iLoveMakonnen: iLoveMakonnen 2

The sense of intimacy social media allows with stars can be tricky. Even in the most naturalistic and organic-feeling social media moments—a Snap of DJ Khaled extolling the virtues of water and cocoa butter; unscheduled Twitter rants that turn into full-blown hip-hop feuds—an element of pre-meditated performance still exists. These guys wouldn't be successful entertainers without that instinct.

iLoveMakonnen is one of a few genuinely engaging artists on Snapchat. When he Snaps himself covered in blankets in a cold hotel room, or of himself confronting pre-show jitters, his personality comes through so clearly it's hard to not feel moved. He's always seemed like a genuinely unique and humble guy, maybe somewhat performatively so. But what social media isn't in some way performative?

This matters in perceiving Makonnen's art because his relatability has always worked in his favor, even when some of his songs threaten to go off-the-rails, since his limited voice can only take him so far. He seems like a guy you know. "Tuesday" was a giant hit because it nailed something about the melancholy one feels when out on a weekday—it feels liberating, because so few people are out, but it can also be a stark reminder of the aimlessness that comes when you're unemployed, or depressed, or, in the conceit of the song, dealing drugs on the weekend. But those details didn't matter. We've all had a Tuesday (or Wednesday, or Thursday) night end far later than it should have. And it struck the kind of relatable chord that Drake does well, which naturally led to his golden co-sign.

Fast-forward a year and after this spring's experimental but quietly compelling Drink More Water 5 mixtape, and Makonnen has released the official follow-up to his first EP on OVO Sound. Some of these songs have floated around for a year or so and are staples of his live performances. But more than even the first EP, which delivered a handful of great hip-hop-indebted pop songs, this sequel EP bursts with a confidence that's earned after you go through the hit-song-now-what? grinder. Compared to his last mixtape, the hooks are sharp enough to cut glass, and the sequencing ensures that every facet of Makonnenfrom Heartbroken Makonnen to Riotous Makonnen to Warble Makonnen to Onomatopoeia Sex Jam Makonnenalternates every song.

On the lights-down, open-curtain starter "Forever", Makonnen hits the ground running: "I remember when you said you needed a love that lasted forever," before the ominous beat finally drops. The open-throated ballad kicks off his second EP as ably as Tom Cruise scaling a mountain during the first moments of Mission: Impossible 2. By the time Santigold shows up to memorably rap a few bars, the hooks (literal and figurative) have sunken in—Makonnen is aiming for the fences with his pop instincts.

However, the record is at its best in the contemplative heartfelt-loner love songs, like "Second Chance" and "Being Alone With U", in which Makonnen embodies his hip-hop-Morrissey role. Closer "I Loved You" perfects this formula with a stark piano on a trap beat. Makonnen offers formulaic Drake-isms like "I know you think about me when I'm not around," but they feel fresh in context because we feel like WeKnowMakonnen.

"Trust Me Danny" is the EP's signature moment, a windows-down banger that pays homage both to Makonnen's producer Danny Wolf and a viral Vine. It encapsulates Makonnen's aesthetic as well as his target audience—fans and students of hip-hop who recognize that hooks need to sail for maximum effect for a track to land as a rap anthem. Makonnen isn't another "weird" rapper cashing in, making disposable jokes and internet references for a Twitter-ready crowd before everyone wakes up and goes, "Where are the hits? Where are the hooks?" On this EP, he's angling to be a real pop star, to step out of the OVO shadow (which hasn't produced a major pop crossover artist since the Weeknd) and onto the radio. It's hard to know if that'll happen, but coming with a likable persona, real pop-songwriting chops, and an established audience never hurt anybody.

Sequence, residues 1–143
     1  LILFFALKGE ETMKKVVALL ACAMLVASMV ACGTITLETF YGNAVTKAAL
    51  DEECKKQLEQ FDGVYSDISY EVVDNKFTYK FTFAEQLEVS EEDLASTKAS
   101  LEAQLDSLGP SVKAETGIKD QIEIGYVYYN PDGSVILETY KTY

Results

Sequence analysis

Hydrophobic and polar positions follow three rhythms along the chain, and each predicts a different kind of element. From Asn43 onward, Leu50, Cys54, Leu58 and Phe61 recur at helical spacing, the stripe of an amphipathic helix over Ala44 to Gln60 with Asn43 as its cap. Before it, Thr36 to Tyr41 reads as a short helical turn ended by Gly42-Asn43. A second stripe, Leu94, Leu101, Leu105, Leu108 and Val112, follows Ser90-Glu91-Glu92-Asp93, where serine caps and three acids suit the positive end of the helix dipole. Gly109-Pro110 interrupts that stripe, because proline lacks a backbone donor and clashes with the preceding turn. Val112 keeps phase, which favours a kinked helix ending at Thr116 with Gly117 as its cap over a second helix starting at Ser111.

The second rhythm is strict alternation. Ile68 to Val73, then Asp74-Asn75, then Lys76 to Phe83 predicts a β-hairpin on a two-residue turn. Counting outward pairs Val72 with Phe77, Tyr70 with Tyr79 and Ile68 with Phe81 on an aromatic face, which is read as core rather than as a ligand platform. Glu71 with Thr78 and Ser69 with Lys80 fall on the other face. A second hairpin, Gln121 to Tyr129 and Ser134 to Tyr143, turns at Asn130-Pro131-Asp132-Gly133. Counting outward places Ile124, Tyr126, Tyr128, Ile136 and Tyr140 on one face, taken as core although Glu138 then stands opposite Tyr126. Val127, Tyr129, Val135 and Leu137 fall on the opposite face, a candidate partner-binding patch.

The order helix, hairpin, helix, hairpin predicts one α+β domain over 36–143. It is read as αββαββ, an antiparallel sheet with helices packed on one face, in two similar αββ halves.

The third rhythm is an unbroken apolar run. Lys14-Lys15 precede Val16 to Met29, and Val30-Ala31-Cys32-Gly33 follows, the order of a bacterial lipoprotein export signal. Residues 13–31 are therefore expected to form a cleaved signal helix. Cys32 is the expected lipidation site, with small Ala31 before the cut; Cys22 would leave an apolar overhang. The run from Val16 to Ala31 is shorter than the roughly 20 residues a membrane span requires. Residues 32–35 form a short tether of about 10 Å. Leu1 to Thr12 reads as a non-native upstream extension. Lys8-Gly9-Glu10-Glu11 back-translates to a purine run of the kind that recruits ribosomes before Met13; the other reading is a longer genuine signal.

Coldplay: A Head Full of Dreams

On the very first song on their very first album, Coldplay introduced themselves with a heartfelt declaration: "We live in a beautiful world." Fifteen years and some 80 million albums sold later, the British quartet haven’t elaborated on that philosophy—they’ve just amplified it. Where massive success has a tendency to make bands more jaded and aloof, Coldplay only seem more gobsmacked and in awe of life itself. Their songs aren’t just designed to uplift, they’re often about the very sensation of being uplifted. But on the band’s seventh album, A Head Full of Dreams, the band’s relentless campaign to raise our spirits is liable to induce altitude sickness.

Of course, there’s a perfectly logical reason for the album’s oversold optimism—A Head Full of Dreams is a reactionary retort to 2014’s Ghost Stories, a low-key response to a high-profile split that literally wore its (broken) heart on its sleeve. The new album, by contrast, is Martin’s unconscious recoupling record, the sound of a freshly single man stepping out onto the dancefloor to lose his mind and find new love. "You make me feel like I’m alive again," he sings atop the slinky disco of lead single "Adventure of a Lifetime", a lyric that succinctly sums up the spirit of the record like a movie poster tagline.

A Head Full of Dreams is Coldplay’s chance to reassert the eager-to-please exuberance that Ghost Stories deliberately downplayed, and prove that Adele isn’t the only artist who can mobilize a monoculture in 2015. Though written off by detractors as middle of the road, Coldplay’s centrist position is what ultimately makes them so singular—they’re the only rock band that could (and would want to) wrangle BeyoncĂ©, Noel Gallagher, Tove Lo, Norwegian Top 40 architects Stargate, Kendrick Lamar producer Daniel Green, alt-rock lifer Nik Simpson, and “Gimme Shelter” scene-stealer Merry Clayton on the same record. A Head Full of Dreams is emblematic of Coldplay’s burning desire to be all things to all people, rolling up symphonic Britpop bluster, club-thumping bangers, dentist-office soft rock, finger-snapping R&B, and even some trippy touches that remind you of a time when this band just wanted to be as popular as Mercury Rev.